Things go in cycles

Two weeks ago we were eating dinner at Lil’ Baci and they played “The Low End Theory” album by A Tribe Called Quest from start to end. Delicious Italian food and awesome throwback jams = a great night for me. Plus, Brian got to see me rap, so I’m sure he had a fantastic time as well.

The number one thing I tried to be as a kid was anything but my mom.  I love my mom, and I am grateful that she is in my life, but we are very different people. I forget where I got the epiphany that thinking in another language completely changes your mindset, but for me, thinking in English did not translate well to understanding my mother’s Chinese thinking, and it really set up a barrier between the two of us while I grew up. There was also that pesky puberty thing for me (According to my dad I was an incredibly sullen teen), but let’s just say for the sake of expediency that the language thing was the root cause of our disagreements. She also had an incredibly shitty childhood, while I was fortunate enough to enjoy the spoils of a first world life, so you would have thought our paths would be vastly different. Nonetheless, Tribe was right: things go in cycles, and I’m embarking on the same excursion my mother also took in her mid-life.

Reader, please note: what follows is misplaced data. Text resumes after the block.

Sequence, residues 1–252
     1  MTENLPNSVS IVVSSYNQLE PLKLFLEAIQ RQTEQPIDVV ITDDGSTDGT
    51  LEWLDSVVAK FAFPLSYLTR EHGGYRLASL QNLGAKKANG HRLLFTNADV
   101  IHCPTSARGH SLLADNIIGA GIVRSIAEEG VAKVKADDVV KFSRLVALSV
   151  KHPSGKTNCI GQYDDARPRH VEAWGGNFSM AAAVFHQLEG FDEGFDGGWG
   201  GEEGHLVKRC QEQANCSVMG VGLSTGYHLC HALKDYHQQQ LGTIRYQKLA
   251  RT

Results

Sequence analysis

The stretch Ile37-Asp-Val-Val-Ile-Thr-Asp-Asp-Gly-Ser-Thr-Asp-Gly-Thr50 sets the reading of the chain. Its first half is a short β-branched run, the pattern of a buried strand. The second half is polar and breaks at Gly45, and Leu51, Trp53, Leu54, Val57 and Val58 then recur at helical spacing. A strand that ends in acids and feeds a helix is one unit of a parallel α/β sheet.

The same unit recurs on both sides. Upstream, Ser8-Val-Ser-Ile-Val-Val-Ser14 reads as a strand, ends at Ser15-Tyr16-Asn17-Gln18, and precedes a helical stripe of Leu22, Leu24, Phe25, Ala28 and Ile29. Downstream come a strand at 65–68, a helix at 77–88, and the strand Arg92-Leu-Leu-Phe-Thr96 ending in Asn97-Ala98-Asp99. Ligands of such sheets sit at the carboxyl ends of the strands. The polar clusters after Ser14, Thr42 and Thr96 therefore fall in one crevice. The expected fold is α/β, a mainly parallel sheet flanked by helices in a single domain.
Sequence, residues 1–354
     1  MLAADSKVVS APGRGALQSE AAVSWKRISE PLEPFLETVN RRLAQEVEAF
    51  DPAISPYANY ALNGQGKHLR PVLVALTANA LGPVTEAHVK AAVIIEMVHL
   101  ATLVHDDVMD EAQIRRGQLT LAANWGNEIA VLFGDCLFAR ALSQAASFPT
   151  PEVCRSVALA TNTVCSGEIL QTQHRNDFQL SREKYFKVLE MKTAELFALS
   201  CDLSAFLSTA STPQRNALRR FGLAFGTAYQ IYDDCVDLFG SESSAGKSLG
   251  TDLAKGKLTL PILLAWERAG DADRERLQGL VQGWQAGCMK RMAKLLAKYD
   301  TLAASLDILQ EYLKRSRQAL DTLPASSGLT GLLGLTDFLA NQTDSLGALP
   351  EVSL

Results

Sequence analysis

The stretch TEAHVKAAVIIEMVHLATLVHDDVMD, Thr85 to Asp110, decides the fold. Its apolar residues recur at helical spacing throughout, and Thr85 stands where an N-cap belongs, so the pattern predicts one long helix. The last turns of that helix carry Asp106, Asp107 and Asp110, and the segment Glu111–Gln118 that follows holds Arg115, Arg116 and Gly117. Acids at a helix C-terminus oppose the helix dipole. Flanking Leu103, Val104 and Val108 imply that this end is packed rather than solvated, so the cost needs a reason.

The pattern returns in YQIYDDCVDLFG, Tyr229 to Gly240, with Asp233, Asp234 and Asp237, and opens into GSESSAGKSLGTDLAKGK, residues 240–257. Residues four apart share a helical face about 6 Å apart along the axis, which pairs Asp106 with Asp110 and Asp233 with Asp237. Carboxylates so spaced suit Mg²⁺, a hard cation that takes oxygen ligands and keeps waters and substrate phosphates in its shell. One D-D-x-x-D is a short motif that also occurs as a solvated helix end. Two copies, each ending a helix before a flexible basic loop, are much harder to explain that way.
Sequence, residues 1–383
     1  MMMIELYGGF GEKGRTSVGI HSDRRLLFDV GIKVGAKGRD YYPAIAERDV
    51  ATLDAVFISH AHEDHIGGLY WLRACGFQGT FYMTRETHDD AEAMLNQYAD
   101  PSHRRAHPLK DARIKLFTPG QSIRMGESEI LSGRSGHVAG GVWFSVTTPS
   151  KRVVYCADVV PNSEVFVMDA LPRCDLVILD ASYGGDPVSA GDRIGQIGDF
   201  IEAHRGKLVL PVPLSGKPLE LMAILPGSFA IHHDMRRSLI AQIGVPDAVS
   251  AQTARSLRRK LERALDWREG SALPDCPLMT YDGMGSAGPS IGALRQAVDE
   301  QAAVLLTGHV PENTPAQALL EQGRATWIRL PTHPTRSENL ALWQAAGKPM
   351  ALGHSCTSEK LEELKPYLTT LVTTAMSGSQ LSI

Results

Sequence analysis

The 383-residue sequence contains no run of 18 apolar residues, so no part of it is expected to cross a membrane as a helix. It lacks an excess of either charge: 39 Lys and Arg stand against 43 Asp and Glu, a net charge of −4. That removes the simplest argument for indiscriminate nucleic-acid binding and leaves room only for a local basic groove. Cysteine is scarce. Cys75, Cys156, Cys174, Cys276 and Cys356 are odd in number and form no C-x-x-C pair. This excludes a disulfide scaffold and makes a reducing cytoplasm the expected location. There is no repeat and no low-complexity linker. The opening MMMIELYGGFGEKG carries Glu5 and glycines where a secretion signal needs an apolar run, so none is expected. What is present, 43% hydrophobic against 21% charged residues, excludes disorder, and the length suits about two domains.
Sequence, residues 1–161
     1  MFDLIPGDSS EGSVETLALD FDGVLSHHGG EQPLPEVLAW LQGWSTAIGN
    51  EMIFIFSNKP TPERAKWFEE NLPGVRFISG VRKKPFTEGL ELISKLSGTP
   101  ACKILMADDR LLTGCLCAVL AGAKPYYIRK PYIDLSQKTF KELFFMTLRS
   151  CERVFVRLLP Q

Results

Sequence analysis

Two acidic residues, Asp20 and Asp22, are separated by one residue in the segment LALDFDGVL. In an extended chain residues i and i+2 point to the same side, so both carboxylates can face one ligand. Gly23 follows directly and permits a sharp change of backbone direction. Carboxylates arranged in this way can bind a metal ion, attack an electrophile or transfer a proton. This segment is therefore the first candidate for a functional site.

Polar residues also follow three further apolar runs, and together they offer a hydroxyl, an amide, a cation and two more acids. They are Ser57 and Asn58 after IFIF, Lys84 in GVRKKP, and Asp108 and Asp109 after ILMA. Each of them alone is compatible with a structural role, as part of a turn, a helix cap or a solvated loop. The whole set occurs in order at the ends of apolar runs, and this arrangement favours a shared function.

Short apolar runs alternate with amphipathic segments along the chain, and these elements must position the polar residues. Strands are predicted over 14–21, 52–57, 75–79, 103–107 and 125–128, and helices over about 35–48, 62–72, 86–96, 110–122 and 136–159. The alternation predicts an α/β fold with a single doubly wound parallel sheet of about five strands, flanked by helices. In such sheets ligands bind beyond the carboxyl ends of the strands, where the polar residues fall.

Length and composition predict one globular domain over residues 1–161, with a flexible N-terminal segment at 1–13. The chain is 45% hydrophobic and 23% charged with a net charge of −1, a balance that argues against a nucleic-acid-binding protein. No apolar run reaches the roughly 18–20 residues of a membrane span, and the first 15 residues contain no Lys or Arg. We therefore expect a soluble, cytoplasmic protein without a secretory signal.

My mother started her own business when she was in her forties. She worked hard every day of her life, and still managed to come home and take care of her ungrateful family. My dad, my brother, and myself are very sarcastic people, and it did not bode well for my mother to have three people constantly gang up on her. But she persevered and now, retired, is a whole other thorn in my side (thanks for all the soup).

Now, here I am, still unbearably sarcastic, and trying to prove myself the same way my mother did.  I can’t say I know exactly what she was thinking, or that we even have the same intentions, but looking back at what she did, I am humbled by the amount of courage she possessed to take the leap, and I hope that I can be just as brave.

Luckily, my parents gave me a fighting chance. Instead of having a father that put their kid to work because he kept gambling away all of their money, my parents made damned sure I had a wealth of opportunities to experience different things and broaden my horizons. Most importantly, they provided me with an excellent education which, in turn, led me to a career path where I accomplished a lot of things that I am proud of.

So now that I am throwing it all away, I just want to tell my parents:

Thanks, and don’t worry, I got this.

Also, I’m probably going to need to borrow some money in the next few months. Who are we kidding? GIVE. I’m going to need you to GIVE me some money.